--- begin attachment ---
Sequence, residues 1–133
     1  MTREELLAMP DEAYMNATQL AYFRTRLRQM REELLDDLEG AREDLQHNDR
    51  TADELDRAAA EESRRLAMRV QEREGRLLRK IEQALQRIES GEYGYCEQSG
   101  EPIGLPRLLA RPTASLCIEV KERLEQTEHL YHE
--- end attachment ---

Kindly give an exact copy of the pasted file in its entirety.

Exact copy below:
Sequence, residues 1–133
     1  MTREELLAMP DEAYMNATQL AYFRTRLRQM REELLDDLEG AREDLQHNDR
    51  TADELDRAAA EESRRLAMRV QEREGRLLRK IEQALQRIES GEYGYCEQSG
   101  EPIGLPRLLA RPTASLCIEV KERLEQTEHL YHE